Quadrature: Approximate Osculating Circles
- Ryan Hirst
Before getting into the textbook, let me consider some ways that one might approximate the arc length of a curve. Firstly, I can always use linear approximation: lay out points along the curve, draw straight lines between adjacent points, and add up the distances. But perhaps I can do better than this. The lenght of the circular arc through three consecutive points on the curve responds to both first and second derivatives, and should be a much better approximation. Let me try it.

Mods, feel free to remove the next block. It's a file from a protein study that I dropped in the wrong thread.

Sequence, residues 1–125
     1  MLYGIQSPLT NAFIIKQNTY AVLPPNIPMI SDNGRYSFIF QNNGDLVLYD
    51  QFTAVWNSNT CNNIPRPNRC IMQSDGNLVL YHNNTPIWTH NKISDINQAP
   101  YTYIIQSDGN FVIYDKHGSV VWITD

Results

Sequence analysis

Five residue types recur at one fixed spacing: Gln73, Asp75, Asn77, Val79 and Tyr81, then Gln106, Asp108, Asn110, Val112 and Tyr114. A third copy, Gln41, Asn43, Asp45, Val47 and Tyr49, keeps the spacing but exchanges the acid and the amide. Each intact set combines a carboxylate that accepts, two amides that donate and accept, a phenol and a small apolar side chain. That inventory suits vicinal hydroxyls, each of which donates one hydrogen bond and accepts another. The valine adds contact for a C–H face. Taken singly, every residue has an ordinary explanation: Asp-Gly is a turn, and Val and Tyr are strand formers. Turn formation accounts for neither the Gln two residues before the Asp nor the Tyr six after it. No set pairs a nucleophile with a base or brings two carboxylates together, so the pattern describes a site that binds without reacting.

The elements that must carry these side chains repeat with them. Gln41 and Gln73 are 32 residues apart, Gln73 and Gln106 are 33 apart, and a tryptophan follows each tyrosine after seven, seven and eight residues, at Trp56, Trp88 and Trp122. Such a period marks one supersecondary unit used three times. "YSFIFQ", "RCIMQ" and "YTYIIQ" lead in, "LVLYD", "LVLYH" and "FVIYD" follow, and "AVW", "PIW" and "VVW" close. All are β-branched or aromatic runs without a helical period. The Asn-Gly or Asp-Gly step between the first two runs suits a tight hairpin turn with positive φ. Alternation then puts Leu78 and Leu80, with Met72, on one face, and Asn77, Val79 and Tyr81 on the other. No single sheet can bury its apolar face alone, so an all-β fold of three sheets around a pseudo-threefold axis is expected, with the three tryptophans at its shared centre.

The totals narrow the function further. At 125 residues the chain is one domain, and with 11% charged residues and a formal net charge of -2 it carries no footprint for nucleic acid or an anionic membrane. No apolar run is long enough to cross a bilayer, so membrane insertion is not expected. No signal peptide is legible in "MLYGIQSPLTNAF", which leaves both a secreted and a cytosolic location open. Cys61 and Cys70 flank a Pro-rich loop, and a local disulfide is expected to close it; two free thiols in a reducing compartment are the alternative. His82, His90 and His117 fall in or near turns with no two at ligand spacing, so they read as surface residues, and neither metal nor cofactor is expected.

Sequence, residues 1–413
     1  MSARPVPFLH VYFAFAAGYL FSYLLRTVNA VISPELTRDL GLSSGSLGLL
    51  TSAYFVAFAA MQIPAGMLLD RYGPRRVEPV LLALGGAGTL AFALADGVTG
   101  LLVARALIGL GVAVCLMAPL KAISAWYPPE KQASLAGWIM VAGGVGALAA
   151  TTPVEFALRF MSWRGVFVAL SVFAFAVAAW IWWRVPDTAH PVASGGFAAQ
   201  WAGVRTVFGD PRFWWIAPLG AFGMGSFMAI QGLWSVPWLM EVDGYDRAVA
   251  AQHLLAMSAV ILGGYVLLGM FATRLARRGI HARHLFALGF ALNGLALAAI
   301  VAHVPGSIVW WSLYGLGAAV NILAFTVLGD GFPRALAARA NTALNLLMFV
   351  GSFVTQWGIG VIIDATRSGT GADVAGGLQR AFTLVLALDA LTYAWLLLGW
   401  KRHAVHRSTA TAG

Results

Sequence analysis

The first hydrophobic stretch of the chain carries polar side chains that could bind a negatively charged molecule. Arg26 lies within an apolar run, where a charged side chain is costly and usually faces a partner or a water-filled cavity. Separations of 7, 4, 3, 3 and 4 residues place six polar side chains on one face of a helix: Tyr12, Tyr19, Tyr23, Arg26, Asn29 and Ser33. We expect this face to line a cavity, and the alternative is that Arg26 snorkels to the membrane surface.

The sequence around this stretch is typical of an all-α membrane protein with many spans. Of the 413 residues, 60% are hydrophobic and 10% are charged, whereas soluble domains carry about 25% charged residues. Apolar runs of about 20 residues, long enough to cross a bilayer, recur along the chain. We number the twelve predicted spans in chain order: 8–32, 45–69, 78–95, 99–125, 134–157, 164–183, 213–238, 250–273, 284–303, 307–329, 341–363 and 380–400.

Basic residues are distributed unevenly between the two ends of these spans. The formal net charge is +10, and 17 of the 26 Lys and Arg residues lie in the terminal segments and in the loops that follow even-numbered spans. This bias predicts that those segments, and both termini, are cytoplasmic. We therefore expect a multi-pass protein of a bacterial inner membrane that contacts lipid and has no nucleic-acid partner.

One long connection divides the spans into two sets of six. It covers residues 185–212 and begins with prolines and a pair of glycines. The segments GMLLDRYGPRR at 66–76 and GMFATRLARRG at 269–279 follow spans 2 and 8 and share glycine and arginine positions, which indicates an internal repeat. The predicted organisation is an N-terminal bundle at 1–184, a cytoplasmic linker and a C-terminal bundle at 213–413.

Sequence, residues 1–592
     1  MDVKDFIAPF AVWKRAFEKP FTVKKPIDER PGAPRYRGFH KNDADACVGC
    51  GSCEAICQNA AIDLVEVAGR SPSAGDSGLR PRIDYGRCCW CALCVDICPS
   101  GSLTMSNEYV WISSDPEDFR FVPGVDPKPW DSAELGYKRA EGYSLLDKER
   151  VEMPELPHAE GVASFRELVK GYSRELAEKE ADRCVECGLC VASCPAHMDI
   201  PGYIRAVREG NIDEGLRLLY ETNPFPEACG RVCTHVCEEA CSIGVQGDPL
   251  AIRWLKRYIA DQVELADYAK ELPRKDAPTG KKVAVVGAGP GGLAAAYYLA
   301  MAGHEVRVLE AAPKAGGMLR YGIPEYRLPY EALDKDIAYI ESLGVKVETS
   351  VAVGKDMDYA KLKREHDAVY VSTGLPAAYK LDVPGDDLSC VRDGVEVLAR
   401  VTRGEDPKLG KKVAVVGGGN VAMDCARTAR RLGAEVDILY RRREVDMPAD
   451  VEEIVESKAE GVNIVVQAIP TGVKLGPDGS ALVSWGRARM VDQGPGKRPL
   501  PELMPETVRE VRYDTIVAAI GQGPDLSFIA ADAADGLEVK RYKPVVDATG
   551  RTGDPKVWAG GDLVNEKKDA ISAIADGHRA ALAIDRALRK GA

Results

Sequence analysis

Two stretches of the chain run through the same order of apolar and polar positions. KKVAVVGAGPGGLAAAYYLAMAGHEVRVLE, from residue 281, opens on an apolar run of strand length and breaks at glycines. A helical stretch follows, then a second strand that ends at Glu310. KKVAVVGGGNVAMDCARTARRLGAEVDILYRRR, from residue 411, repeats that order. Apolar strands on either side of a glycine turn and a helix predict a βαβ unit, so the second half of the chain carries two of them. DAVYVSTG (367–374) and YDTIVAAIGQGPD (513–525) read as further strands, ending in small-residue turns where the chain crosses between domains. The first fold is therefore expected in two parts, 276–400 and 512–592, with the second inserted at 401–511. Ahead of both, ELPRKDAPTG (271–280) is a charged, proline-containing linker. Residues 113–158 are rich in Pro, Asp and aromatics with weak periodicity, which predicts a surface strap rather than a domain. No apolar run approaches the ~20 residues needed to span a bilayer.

NOTES: Assuming the curve is real and continuous through the 2nd derivative... Let P, Q, R, be thee points on the curve, in order of increasing u. In the limit as R→Q→P, the radius of the circle through them converges to a unique value (the radius of curvature), and the circle (the osculating circle) can be drawn. The osculating circle at M is shown in orange. The chapter on Interpolation was concerned primarily with polynomials, whose values, integral, and derivative, can be calculated directly (and exactly, when applicable) from the tabular points. In this worksheet, I must calculate the length of a circular arc from straight-line measures (sine, cosine, tangent). I have used the arctan() function, Here is a hint about how to obtain a convergent series for the arc tangent function.